Crayon makers quick on the draw to satisfy colouring craze among adults
COLOURING books for grown-ups may be a new lifestyle craze, promising ways to combat stress, unleash creativity and help adults take a break from their increasingly gadget-obsessed lives.
But for the makers of crayons and colour pencils, the trend also poses a fundamental strategic question: Is the current boom in demand just a passing fad or is it a new sustainable trend?
"I dream about crayons at night," said Andreas Martin who manages a factory of the manufacturer Staedtler in Nuremberg in Germany.
Staedtler is a small family-run firm employing a workforce of around 2,000. It has seen demand for some of its coloured pencils explode, almost overnight.
"These are models we've been making for years and demand always chugged along unspectacularly," Mr Martin said.
"All of a sudden, we weren't able to manufacture enough. It's incredible."
Just behind him, a machine spits out yellow ink pens at a rate of around 6,000 per hour.
On another floor, finished crayons in a kaleidoscope of colours are packed into boxes for shipping to the United States, Britain and South Korea.
Those are the countries at the centre of the current adult colouring craze, said Staedtler chief executive Axel Marx.
In the US, nine colouring books are currently among the top 20 best-selling products on Amazon.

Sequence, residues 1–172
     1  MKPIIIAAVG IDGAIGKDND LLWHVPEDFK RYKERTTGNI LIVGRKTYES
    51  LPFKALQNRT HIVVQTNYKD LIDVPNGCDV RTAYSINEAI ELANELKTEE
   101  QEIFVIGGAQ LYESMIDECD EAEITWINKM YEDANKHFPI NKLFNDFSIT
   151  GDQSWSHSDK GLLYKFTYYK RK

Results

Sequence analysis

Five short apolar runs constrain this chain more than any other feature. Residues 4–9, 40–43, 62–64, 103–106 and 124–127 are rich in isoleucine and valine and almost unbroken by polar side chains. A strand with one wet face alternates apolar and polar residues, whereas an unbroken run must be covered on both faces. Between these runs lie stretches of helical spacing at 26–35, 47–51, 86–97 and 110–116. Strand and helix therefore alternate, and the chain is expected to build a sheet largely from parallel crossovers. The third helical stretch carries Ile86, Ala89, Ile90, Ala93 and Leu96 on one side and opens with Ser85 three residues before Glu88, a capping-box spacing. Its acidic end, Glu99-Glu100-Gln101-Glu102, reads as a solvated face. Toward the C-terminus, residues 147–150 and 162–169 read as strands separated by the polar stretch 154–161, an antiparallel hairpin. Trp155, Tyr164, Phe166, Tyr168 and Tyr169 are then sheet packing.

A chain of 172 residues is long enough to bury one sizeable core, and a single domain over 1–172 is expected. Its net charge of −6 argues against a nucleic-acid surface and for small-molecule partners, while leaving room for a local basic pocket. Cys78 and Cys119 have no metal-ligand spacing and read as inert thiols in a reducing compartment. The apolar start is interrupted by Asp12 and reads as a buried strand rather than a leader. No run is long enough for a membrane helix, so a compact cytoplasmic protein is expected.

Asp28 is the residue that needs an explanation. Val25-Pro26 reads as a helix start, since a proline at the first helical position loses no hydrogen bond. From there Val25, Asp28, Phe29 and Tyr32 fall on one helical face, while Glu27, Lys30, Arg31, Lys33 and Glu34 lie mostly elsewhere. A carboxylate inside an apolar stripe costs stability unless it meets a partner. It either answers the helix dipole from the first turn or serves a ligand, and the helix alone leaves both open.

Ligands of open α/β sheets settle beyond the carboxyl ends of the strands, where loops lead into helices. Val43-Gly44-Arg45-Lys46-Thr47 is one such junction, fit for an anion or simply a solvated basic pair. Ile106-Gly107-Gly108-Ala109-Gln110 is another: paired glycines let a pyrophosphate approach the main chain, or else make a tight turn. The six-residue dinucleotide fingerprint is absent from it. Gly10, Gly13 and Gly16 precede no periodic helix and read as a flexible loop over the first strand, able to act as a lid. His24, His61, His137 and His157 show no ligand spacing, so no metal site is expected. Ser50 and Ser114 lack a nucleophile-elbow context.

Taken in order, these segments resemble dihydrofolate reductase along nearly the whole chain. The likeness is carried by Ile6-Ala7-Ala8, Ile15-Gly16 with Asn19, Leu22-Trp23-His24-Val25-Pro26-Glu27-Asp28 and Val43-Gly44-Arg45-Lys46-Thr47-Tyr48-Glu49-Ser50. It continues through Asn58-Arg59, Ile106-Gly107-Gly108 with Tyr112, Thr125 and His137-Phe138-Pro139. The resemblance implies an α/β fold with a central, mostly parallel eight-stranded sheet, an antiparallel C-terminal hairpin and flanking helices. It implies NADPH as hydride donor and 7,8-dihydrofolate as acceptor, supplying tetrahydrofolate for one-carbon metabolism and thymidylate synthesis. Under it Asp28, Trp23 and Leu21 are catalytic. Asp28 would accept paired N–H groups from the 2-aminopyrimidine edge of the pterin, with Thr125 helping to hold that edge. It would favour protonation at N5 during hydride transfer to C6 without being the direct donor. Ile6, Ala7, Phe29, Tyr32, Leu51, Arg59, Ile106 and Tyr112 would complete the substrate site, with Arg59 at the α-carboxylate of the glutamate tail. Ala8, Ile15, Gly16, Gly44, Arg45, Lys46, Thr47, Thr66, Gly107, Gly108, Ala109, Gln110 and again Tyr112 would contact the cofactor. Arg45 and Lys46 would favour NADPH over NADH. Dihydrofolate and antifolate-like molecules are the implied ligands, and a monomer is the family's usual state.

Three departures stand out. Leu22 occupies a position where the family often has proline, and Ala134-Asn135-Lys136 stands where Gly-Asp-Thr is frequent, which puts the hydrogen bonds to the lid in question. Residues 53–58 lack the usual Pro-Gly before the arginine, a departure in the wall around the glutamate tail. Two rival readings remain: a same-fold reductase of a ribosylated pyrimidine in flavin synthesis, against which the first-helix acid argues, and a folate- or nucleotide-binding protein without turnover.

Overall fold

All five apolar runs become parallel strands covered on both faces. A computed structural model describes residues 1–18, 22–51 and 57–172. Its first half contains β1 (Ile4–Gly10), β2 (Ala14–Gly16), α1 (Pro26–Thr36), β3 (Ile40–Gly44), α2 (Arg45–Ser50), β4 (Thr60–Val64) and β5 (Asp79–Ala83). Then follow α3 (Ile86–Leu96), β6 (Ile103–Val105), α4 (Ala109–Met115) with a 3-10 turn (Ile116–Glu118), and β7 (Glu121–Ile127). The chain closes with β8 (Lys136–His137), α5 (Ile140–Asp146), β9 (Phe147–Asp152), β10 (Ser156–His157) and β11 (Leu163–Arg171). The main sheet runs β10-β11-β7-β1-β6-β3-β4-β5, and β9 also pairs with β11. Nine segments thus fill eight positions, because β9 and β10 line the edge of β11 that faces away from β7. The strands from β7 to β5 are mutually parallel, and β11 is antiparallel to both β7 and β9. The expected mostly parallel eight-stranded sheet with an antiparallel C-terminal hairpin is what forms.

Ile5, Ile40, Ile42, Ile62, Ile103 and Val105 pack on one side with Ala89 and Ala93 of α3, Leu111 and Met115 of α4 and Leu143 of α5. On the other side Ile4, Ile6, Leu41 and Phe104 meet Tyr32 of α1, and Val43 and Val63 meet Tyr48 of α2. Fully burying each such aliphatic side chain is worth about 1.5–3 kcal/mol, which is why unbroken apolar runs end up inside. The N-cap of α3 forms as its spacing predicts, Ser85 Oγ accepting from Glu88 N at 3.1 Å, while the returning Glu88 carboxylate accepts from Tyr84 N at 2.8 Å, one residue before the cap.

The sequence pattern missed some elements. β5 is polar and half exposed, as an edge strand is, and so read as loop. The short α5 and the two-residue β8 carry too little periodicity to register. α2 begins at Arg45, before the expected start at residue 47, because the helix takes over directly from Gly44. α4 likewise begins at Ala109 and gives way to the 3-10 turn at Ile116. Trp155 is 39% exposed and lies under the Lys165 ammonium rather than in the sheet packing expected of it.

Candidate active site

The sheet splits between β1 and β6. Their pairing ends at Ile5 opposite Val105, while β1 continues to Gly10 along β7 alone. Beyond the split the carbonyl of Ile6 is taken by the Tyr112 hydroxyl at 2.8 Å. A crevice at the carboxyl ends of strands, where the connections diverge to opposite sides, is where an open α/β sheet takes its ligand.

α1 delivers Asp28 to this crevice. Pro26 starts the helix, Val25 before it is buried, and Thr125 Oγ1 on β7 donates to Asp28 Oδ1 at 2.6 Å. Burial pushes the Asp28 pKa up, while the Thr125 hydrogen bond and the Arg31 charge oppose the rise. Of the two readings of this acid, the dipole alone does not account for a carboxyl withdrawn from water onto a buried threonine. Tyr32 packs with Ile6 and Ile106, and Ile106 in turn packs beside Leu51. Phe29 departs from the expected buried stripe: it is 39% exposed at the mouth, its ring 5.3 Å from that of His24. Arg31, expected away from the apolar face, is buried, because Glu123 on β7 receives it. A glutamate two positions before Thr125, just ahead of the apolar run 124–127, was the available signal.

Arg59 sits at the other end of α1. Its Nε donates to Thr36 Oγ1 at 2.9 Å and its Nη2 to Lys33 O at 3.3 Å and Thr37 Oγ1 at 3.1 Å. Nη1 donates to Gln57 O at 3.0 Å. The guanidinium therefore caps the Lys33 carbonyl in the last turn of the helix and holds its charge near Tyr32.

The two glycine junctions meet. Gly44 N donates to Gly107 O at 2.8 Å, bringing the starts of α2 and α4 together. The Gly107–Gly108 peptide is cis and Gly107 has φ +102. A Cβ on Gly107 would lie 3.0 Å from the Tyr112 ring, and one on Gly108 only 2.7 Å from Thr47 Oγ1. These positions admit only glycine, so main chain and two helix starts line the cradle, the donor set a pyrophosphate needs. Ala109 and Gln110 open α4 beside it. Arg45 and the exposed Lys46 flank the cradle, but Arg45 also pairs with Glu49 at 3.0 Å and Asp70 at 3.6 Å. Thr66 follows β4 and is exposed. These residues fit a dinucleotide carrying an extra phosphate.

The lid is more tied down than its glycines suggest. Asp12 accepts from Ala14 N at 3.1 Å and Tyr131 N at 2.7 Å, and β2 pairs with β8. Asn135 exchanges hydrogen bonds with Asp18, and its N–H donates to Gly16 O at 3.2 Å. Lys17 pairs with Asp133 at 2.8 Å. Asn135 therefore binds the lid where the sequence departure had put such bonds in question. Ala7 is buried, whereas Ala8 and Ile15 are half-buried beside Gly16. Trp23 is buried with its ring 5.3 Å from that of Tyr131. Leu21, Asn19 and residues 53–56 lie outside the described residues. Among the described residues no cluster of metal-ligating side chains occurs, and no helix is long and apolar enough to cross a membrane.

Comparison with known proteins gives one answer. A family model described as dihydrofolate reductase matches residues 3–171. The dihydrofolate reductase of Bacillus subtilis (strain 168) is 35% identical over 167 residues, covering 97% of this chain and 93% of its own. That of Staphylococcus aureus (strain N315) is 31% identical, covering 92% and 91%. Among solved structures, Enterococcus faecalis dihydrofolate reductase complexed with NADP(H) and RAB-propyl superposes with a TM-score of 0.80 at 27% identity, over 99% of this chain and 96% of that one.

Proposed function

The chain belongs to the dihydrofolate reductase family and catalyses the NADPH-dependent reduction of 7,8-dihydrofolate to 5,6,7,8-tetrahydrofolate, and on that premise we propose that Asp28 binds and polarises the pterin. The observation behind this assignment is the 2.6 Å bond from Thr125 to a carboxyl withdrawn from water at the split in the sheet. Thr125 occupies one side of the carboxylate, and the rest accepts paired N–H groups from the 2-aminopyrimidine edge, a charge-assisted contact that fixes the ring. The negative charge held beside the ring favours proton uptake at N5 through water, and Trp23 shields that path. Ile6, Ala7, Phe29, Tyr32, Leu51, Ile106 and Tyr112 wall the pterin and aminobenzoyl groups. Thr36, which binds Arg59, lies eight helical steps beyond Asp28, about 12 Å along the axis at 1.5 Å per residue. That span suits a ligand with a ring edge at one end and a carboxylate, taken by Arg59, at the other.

"Gradually, we're seeing a similar development in European countries too," said Horst Brinkmann, head of marketing and sales at rival Stabilo Schwan, which makes fluorescent marker pens and coloured pencils.
All the players in the sector are keen to get a slice of the cake.
Stabilo has launched a set of crayons and book with spring motifs. Swiss upmarket maker Caran d'Ache has published its own colouring book of Alpine scenes.
Without revealing any figures, Mr Brinkmann said Stabilo's sales of crayons had risen by more than 10 per cent while Staedtler saw its sales go up by 14 per cent last year to 322 million euros (S$491 million).
"That's remarkable in this age of digitalisation," said Mr Marx.
But the hype also gives Mr Martin a headache of sorts.
"No one knows how long it will last," he admits. "We need to strike a balance, so as to know how much to sensibly invest to be able to ride the wave, while still keeping in mind that the trend could vanish as quickly as it started."
He added that adjustments to working hours are being made and the factory has also hired around 30 temporary workers.
There is also a question as to whether to invest 300,000 euros in a new machine, he said.
Staedtler is ready to pump in the cash, with the hope that "if the market falls again, we can use the machines for different types of products", Mr Martin noted.
But rival makers are betting on the durability of the trend.
Caran d'Ache has invested in production equipment and extended working hours, said its president Carole Hubscher.
She is convinced that writing and drawing "won't disappear".
Mr Brinkmann said adult colouring "is part of a fundamental and universal trend towards slowing down".
Mr Marx is more fatalistic, observing that a trend such as colouring is unpredictable.
"But we're keeping our fingers crossed that it'll continue," he said.